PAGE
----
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Author
Kristina Mulina

Assistant to Patent Attorney

17 January 2020

The most famous inventions created by the children


Surely, each of us has a lot of interesting ideas — both smart and ridiculous, which we rarely implement in practice due to various factors. Unlike the adults, the children see this world as limitless and full of opportunities, without a fear to express and implement their ideas into reality. Thanks to this, the children can be called rightfully as the real inventors, because they still continue to contribute to the world around us. You can make sure of this yourself after getting to know, in my opinion, some most interesting examples of the inventions and the discoveries that have been made by the children.

In 1873, fifteen-year-old Chester Greenwood invented the fur ear protectors. The prerequisite for the creation of his invention was his dislike of head wears. To wrap a scarf around his head every time was not so convenient for him, and, at the same time, it was necessary to protect his ears from the chilly wind, while skating in winter. That was when he solved his problem by creating the fur ear protectors. He patented his invention soon, and then he opened his business, which was of especially great success among the American soldiers during the years of the First World War. The invention of Greenwood is popular so far both among the children and the adults during the cold season. No wonder that the city of this little inventor was recognized as the capital of the world of the ear protectors.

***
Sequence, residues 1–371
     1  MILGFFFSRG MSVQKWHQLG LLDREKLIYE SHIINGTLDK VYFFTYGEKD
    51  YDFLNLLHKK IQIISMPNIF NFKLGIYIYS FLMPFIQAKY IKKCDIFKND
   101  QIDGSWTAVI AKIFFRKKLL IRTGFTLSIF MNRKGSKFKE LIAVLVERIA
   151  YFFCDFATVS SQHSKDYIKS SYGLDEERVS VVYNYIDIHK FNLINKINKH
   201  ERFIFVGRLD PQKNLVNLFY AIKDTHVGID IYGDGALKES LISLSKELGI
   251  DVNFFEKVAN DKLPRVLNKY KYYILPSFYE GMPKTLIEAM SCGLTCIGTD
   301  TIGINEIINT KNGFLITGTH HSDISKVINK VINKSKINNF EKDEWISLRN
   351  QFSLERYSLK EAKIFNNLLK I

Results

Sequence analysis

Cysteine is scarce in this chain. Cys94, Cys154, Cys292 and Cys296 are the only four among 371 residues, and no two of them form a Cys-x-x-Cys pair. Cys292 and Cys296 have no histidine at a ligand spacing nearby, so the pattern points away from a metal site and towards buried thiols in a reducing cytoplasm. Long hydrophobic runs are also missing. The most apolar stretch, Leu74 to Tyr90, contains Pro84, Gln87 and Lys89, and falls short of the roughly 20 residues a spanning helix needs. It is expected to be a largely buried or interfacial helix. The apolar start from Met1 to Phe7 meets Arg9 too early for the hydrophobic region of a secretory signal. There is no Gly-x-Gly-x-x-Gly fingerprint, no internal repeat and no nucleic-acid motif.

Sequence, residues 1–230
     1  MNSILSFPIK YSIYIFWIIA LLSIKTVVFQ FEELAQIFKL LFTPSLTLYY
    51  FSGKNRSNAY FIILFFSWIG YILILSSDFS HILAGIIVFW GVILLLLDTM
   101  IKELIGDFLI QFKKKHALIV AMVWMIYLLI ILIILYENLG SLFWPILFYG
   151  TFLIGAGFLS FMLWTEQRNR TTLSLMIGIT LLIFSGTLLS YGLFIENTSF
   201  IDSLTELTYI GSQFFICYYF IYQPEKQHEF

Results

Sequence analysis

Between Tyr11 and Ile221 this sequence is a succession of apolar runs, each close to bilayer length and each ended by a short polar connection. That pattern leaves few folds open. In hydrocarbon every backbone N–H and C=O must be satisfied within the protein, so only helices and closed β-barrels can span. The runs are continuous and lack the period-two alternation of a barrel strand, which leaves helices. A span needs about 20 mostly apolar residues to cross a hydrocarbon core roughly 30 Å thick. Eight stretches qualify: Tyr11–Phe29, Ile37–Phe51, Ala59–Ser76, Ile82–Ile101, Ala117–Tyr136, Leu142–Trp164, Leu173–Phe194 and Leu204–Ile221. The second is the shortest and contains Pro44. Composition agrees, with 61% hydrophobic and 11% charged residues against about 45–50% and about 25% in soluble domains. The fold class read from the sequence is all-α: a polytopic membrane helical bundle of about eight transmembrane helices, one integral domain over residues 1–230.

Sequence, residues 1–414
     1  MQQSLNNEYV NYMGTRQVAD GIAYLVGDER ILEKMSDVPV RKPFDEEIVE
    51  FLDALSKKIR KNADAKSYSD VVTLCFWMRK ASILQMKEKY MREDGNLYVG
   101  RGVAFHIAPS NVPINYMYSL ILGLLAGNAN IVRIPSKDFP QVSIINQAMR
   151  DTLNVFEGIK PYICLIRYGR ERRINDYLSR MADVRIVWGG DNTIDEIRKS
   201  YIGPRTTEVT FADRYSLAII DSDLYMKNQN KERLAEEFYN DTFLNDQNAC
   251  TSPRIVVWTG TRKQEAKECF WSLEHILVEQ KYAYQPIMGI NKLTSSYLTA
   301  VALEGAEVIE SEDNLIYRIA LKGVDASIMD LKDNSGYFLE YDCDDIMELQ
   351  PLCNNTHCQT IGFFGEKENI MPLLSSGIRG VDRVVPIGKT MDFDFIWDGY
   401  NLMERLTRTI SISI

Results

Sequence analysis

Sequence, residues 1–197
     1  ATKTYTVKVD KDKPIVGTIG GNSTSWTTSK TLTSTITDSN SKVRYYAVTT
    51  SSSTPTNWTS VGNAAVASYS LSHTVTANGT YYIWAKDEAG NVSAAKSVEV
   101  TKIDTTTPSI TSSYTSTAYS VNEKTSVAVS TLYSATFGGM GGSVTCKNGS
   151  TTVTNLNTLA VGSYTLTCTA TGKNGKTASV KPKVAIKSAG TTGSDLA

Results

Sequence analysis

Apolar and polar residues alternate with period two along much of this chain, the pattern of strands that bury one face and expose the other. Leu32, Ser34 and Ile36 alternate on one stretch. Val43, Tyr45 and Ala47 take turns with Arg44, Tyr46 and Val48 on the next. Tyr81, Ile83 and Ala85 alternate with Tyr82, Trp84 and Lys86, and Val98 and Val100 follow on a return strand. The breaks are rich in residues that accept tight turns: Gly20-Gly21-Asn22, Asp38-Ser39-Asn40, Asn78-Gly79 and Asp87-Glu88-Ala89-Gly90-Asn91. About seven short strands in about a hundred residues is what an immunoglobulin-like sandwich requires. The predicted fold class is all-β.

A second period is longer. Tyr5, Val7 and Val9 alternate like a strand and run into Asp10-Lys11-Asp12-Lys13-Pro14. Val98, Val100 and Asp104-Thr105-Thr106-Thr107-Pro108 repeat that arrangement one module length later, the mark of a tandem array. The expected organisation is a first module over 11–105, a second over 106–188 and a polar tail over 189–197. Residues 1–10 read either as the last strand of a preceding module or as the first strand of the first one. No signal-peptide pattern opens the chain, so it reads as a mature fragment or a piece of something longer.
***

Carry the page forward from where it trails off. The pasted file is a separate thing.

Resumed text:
The creation of fruit ice belongs to eleven-year-old Frank Epperson. In 1905, his invention appeared by chance. He made his drink, stirred it with a stick, and, he forgot about it leaving it on the porch in the yard of his house for the whole night. The cold weather did its job and the mixture in the cup turned into a frozen product. In the early 1920s, he patented “frozen ice on a stick” and began to manufacture this delicacy with various flavours, but always on the wooden stick.

A toy truck with a drop-head body was invented by five-year-old Robert Patch. The little boy thought about the toy, which would be capable of being easily disassembled, assembled, the body of which would be capable of being changed by turning it into other kinds of the trucks. He created quite an operating prototype of the truck from a shoe-box, the bottle caps and the nails. Then, in June 1963, Robert, at the age of six, patented his invention, and since his father worked as a patent attorney, he helped with the registration of the patent.

In 1998, six-year-old Spencer Wail came up with an idea of creating a toy car for hospitals. The toy car, in which the children would be able to ride safely even with the droppers came to the boy’s mind after his visit to the hospital, where he could not sit still, and in order not to annoy his parents once again because of boredom, he offered to make the dropper as a moving one. He was developing it for a long time, he tested various materials, and he eventually made a decision in favour of reliable plastic. Spencer's idea aroused interest among many people, and soon the first hospital cars appeared, which contained the dropper and a mobility system hidden inside of them.